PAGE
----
(Phys.org) -- Imagine a fully-instrumented satellite the size of a half-gallon milk carton.
Then imagine that milk carton whirling in space, catching never-before-seen glimpses of processes thought to be linked to lightning.
The little satellite that could is a CubeSat called Firefly, and it's on a countdown to launch next year.
CubeSats, named for the roughly four-inch-cubed dimensions of their basic building elements, are stacked with modern, smartphone-like electronics and tiny scientific instruments.
Built mainly by students and hitching rides into orbit on NASA and U.S. Department of Defense launch vehicles, the small, low-cost satellites recently have been making history. Many herald their successes as a space revolution.
Several CubeSat projects funded by the National Science Foundation (NSF) are currently in orbit, making first-of-their-kind experiments in space and providing new measurements that help researchers understand Earth's upper atmosphere.
Firefly is designed to help solve the mystery of a phenomenon that's linked with lightning: terrestrial gamma rays, or TGFs.
Bursts of gamma rays usually occur far out in space, near black holes and other high-energy cosmic phenomena. Scientists were surprised when, in the mid-1990s, they found powerful gamma-ray flashes happening in the skies over Earth.
Powerful natural particle accelerators in the atmosphere are behind the processes that create lightning. TGFs result from this particle acceleration.
Individual particles in a TGF contain a huge amount of energy, sometimes more than 20 mega-electron volts. The aurora borealis, for example, is powered by particles with less than one-thousandth as much energy as a TGF.
But what causes a TGF's high-energy flashes? Does it trigger lightning--or does lightning trigger it? Could it be responsible for some of the high-energy particles in the Van Allen radiation belts, which can damage satellites?
Firefly soon will be on the job, finding out.
The CubeSat will look specifically for gamma-ray flashes coming from the atmosphere, not space, conducting the first focused study of TGF activity.
The Firefly team is made up of scientists and students at Siena College in Loudonville, N.Y.; NASA Goddard Space Flight Center in Greenbelt, Md.; the Universities Space Research Association in Columbia, Md.; the Hawk Institute for Space Science, Pocomoke City, Md.; and the University of Maryland Eastern Shore, Princess Anne, Md.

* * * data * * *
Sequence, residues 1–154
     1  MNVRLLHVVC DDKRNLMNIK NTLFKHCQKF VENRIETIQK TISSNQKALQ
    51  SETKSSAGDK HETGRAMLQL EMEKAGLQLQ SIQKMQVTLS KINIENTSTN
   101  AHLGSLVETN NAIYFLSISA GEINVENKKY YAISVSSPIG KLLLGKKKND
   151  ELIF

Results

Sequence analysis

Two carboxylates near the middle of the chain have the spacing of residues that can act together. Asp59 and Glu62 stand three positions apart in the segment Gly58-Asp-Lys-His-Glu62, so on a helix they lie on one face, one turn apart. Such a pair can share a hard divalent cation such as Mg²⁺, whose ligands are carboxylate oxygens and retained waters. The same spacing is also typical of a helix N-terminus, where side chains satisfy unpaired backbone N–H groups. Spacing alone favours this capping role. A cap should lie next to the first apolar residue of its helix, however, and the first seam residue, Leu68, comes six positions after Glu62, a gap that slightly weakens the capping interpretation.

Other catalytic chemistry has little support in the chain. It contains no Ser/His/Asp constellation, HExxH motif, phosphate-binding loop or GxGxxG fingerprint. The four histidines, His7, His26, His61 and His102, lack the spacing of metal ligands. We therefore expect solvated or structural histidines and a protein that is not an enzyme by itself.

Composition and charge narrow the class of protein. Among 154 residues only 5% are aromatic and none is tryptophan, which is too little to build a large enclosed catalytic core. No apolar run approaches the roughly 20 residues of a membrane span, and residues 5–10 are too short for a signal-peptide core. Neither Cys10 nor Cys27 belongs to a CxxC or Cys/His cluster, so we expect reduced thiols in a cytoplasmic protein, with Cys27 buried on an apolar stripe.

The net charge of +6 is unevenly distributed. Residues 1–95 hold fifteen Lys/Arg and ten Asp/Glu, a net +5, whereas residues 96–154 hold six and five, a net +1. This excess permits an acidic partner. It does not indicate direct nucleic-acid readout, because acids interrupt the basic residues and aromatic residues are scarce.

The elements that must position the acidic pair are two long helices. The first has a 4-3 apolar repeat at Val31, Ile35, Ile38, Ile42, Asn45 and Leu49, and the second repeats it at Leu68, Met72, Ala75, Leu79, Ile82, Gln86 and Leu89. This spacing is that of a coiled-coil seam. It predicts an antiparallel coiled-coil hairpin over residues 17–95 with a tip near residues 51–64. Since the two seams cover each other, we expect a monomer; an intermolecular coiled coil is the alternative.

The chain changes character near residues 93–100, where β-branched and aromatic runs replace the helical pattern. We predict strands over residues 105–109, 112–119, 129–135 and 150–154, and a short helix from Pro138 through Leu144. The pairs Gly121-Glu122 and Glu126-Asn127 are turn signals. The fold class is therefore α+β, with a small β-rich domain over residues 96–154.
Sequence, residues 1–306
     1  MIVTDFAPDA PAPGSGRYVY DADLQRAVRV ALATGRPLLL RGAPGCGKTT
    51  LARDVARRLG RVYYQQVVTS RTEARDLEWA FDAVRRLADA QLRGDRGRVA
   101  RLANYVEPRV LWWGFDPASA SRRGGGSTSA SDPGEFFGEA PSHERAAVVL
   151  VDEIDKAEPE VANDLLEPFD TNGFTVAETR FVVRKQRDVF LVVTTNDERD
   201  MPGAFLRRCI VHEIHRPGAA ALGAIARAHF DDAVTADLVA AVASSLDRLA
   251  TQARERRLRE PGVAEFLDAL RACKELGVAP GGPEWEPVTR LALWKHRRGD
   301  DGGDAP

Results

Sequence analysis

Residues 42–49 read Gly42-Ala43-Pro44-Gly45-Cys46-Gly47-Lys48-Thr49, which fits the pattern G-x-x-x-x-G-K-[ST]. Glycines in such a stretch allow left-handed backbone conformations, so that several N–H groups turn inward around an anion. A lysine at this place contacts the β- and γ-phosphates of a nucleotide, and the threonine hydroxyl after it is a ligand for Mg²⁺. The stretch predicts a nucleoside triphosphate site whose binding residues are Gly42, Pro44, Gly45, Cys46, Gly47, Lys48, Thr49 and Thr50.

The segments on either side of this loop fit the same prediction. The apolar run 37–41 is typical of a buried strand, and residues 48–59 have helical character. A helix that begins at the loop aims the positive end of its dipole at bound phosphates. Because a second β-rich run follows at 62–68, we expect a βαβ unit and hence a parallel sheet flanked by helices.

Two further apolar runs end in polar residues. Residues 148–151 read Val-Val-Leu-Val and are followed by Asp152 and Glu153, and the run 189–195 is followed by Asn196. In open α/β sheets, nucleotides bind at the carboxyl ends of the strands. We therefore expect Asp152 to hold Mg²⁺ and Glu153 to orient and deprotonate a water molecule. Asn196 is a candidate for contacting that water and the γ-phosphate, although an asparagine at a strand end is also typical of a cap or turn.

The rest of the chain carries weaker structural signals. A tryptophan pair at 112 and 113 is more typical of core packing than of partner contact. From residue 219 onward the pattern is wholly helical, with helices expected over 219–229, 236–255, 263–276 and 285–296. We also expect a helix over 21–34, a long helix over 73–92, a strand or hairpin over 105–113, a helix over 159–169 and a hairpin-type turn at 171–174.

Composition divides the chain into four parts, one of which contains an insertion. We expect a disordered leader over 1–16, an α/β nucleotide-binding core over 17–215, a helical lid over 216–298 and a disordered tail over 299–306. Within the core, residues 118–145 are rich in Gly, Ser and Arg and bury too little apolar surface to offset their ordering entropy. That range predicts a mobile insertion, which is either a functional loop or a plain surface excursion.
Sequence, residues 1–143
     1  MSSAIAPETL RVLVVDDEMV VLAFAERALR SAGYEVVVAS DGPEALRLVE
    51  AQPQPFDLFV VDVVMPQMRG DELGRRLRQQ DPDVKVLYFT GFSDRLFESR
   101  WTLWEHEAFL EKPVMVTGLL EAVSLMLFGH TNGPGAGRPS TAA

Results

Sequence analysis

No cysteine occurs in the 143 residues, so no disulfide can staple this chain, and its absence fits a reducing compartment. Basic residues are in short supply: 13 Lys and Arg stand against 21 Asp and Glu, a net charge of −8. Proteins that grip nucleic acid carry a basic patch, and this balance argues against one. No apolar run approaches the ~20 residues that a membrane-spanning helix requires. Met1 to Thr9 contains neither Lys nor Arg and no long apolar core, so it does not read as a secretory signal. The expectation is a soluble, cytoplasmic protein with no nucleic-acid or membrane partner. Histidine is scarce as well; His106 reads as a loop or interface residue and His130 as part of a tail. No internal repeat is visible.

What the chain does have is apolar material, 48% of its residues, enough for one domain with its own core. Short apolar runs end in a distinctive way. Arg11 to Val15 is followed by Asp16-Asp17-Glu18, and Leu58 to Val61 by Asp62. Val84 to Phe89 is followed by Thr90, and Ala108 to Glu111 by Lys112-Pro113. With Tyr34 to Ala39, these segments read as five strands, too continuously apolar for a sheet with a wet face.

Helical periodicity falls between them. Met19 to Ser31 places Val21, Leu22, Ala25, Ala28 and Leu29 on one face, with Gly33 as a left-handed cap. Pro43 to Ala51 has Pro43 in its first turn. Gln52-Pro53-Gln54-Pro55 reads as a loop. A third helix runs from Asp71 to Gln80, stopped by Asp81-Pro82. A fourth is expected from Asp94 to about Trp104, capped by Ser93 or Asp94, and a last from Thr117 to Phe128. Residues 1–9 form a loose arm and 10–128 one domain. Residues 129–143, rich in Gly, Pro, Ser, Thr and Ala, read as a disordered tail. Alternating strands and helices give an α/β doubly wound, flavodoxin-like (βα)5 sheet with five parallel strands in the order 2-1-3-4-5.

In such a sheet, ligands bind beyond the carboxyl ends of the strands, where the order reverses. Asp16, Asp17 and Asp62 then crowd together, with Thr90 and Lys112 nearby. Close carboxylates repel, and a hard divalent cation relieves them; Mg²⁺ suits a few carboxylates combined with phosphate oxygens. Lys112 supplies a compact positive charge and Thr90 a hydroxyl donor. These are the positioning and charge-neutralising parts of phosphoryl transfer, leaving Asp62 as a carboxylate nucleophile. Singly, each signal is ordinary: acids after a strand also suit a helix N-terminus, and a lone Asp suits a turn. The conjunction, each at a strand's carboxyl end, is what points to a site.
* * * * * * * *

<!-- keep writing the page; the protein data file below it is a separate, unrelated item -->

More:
Students are involved in all aspects of the mission, from design and development, through fabrication and testing, to operations and data analysis.
Firefly will carry a gamma-ray detector along with a suite of instruments to detect lightning, says Therese Moretto Jorgensen, program director in NSF's Division of Atmospheric and Geospace Sciences, which funds Firefly and its CubeSat companions in space.
The CubeSat will return the first simultaneous measurements of TGFs and lightning.
When thunderstorms happen, powerful electric fields stretch upward for miles, into the upper atmosphere. These electric fields accelerate free electrons, whirling them to speeds that are close to the speed of light.
When these ultra-high-speed electrons collide with molecules in the air, they release high-energy gamma rays as well as more electrons, starting a cascade of electrons and TGFs.
"Gamma rays are thought to be emitted by electrons traveling at or near the speed of light when they're slowed down by interactions with atoms in the upper atmosphere," says Moretto Jorgensen. "TGFs are among our atmosphere's most interesting phenomena."
Atmospheric scientists think TGFs occur more often than anyone realized and are linked with the 60 lightning flashes per second that happen worldwide, says scientist Allan Weatherwax of Siena College, a lead scientist, along with Doug Rowland of NASA's Goddard Space Flight Center, on the Firefly project.
Build-up of electric charges at the tops of thunderclouds from lightning discharges can create a large electric field between clouds and the ionosphere, the outer layer of Earth's atmosphere. But how this might lead to TGFs is unknown.
"Firefly will provide the first direct evidence for a relationship between lightning and TGFs," says Weatherwax. "Identifying the source of terrestrial gamma-ray flashes will be a huge step toward understanding the physics of lightning and its effect on Earth's atmosphere."
Unlike lightning, a TGF's energy is released as invisible gamma rays, not visible light. TGFs therefore don't produce colorful bursts of light like many lightning-related phenomena. But these unseen eruptions could help explain why brilliant lightning strikes happen.
Following Firefly is FireStation, a set of miniaturized detectors for optical, radio and other lightning measurements.
FireStation will fly a bit higher than Firefly.
Its orbit is on the International Space Station.
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